2. Thanks, Christopher. I figured we’d talked about the Sweetwater rescue before on JI, but hadn’t taken the time to do a search.

    Comment by Saskia T — February 27, 2014 @ 3:37 pm

  3. One might be interested to read this article in Religious Educator, in which John C. Thomas describes his students response to Orton’s article.

    Comment by Niklas — February 28, 2014 @ 3:24 am

  4. Good questions. I feel that in most circumstances, my research into church history has strengthened my faith, but at the same time, I find that I have a more skeptical approach to traditional accounts. And I am constantly reflecting to see if the process is making me more secular. The big issue is in how to interact with those at church who don’t look with a historian’s perspective, and may seem to be less understanding of non-traditional approaches to our historical narrative. I found the Thomas article that Niklas linked to very thought provoking in that regard.

    I have the additional complication in that I teach the Gospel Principles class in church for new members and potential converts. For most of those folks, the historian’s perspective is not useful, but I also don’t want to feel like I am not being fully honest in my teaching. It is a balancing act that I need to learn to be better at.

    Comment by kevinf — February 28, 2014 @ 2:08 pm

  5. To me it is an object lesson how stories morph over time, even when the story tellers and retellers are honestly trying to tell the truth (while telling the story for devotional purposes). It illustrates how, perhaps, some of the stories in the Hebrew Bible and the New Testament may have improved with time. That is, they are based on historic events. The tellers and retellers do their best to communicate the stories accurately, but the stories end up better for devotional purposes, and people assume therefore that the stories are true in the sense of what really actually happened.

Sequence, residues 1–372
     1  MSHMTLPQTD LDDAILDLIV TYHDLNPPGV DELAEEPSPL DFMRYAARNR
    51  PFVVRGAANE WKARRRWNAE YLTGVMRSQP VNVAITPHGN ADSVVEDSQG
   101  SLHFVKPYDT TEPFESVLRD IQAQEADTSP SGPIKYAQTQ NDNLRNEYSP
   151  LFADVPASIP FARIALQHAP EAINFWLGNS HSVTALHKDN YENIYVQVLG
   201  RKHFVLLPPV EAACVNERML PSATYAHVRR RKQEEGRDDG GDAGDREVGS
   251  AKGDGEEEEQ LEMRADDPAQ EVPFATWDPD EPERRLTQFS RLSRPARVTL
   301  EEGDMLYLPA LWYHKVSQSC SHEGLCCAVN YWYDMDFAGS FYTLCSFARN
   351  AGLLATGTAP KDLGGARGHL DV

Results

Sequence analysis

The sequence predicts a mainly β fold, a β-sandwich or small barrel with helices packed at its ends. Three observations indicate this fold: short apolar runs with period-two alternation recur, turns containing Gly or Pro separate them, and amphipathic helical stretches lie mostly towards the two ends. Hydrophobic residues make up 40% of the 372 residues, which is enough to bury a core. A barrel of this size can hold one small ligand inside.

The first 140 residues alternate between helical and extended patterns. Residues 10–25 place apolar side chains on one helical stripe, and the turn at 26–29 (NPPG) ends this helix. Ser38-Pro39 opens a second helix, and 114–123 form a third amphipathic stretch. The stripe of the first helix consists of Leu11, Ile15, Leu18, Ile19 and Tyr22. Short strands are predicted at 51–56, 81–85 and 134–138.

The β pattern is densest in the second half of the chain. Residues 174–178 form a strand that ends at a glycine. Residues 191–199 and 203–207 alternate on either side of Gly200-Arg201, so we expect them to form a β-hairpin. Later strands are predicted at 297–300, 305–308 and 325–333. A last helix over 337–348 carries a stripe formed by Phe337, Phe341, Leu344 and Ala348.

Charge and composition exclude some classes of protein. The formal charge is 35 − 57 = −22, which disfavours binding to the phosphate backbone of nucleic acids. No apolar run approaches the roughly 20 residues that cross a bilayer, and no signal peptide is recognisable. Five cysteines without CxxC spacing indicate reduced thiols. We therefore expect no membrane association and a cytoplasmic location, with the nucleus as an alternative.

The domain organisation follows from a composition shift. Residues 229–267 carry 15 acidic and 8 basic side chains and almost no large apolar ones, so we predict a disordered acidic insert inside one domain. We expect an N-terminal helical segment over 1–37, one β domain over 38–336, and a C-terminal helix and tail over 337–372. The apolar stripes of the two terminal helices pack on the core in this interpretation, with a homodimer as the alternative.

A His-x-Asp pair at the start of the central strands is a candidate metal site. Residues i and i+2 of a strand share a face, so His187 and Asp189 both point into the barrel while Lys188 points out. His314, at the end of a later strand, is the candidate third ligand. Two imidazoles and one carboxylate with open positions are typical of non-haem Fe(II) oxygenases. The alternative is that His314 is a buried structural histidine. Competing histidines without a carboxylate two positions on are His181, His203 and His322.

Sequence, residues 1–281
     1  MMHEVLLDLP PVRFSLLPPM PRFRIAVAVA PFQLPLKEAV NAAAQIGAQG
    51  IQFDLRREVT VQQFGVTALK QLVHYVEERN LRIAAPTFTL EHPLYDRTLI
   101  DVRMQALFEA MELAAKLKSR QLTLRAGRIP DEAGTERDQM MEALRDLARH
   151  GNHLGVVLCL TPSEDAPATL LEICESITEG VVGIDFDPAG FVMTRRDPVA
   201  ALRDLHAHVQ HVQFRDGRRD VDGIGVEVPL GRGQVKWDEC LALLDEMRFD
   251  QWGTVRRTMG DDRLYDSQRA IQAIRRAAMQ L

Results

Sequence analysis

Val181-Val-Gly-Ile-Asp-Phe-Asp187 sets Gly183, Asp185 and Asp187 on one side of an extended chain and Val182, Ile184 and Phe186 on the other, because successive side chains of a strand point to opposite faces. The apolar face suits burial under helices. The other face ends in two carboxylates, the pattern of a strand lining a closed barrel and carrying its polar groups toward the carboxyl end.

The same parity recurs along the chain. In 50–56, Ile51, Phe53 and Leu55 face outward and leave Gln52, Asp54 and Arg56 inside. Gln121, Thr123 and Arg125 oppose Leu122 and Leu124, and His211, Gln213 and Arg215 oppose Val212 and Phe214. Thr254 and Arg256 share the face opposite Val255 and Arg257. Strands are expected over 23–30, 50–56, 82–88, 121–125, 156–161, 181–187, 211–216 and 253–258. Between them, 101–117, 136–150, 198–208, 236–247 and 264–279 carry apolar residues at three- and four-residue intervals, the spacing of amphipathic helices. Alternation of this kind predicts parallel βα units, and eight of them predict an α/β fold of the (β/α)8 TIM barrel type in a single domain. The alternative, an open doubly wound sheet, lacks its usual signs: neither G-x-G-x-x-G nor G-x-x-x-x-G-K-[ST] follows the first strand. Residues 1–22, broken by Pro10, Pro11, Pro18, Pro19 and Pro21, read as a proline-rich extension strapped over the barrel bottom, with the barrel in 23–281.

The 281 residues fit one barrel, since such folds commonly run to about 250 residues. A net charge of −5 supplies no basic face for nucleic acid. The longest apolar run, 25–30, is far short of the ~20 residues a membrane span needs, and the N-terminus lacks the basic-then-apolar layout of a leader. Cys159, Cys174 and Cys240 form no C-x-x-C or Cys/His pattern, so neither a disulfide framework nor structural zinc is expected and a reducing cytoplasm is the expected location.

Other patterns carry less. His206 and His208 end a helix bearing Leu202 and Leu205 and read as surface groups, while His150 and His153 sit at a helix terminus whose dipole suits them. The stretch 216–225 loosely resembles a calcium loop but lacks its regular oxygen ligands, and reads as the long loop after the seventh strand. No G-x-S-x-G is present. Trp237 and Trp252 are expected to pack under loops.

Comment by DavidH — February 28, 2014 @ 6:34 pm

  6. Saskia,

    It doesn’t surprise me no one’s mention this look at the handcarts:

    “One Long Funeral March?: A Revisionist?s View of the Mormon Handcart Disasters.? Journal of Mormon History 35:1 (Winter 2009), 50?115.

    There’s a pdf at the listed website or at USU library’s Digital Initiative. What I’ve learned since about the handcart scheme could fill a book, and forms part of the forthcoming “South Pass” Gateway to a Continent.” Why Brigham Young diverted men and teams from the rescue of the Martin and Willie companies to haul in “the Books, Thrashing machine, your Engine & fixtures & a part of the nails, glass & groceries & perhaps a portion of the Dry Goods? A. O. Smoot left behind at Fort Bridger had me puzzled. After all, they weren’t going anywhere. Now I know. It was the groceries.